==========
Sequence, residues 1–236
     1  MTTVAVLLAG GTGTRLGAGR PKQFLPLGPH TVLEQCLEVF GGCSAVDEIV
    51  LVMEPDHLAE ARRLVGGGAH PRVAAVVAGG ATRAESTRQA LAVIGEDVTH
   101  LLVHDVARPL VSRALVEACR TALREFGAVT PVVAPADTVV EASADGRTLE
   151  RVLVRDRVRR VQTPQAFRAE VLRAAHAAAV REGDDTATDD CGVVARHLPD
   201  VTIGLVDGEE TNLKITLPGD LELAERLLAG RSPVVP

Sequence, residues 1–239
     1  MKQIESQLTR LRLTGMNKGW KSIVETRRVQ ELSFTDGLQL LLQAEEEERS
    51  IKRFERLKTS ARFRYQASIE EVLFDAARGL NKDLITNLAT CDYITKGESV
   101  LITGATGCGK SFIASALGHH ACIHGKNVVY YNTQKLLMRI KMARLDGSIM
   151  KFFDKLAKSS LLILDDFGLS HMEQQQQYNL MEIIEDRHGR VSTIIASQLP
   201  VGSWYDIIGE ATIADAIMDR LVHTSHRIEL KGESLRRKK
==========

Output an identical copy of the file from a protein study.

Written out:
Sequence, residues 1–236
     1  MTTVAVLLAG GTGTRLGAGR PKQFLPLGPH TVLEQCLEVF GGCSAVDEIV
    51  LVMEPDHLAE ARRLVGGGAH PRVAAVVAGG ATRAESTRQA LAVIGEDVTH
   101  LLVHDVARPL VSRALVEACR TALREFGAVT PVVAPADTVV EASADGRTLE
   151  RVLVRDRVRR VQTPQAFRAE VLRAAHAAAV REGDDTATDD CGVVARHLPD
   201  VTIGLVDGEE TNLKITLPGD LELAERLLAG RSPVVP

Sequence, residues 1–239
     1  MKQIESQLTR LRLTGMNKGW KSIVETRRVQ ELSFTDGLQL LLQAEEEERS
    51  IKRFERLKTS ARFRYQASIE EVLFDAARGL NKDLITNLAT CDYITKGESV
   101  LITGATGCGK SFIASALGHH ACIHGKNVVY YNTQKLLMRI KMARLDGSIM
   151  KFFDKLAKSS LLILDDFGLS HMEQQQQYNL MEIIEDRHGR VSTIIASQLP
   201  VGSWYDIIGE ATIADAIMDR LVHTSHRIEL KGESLRRKK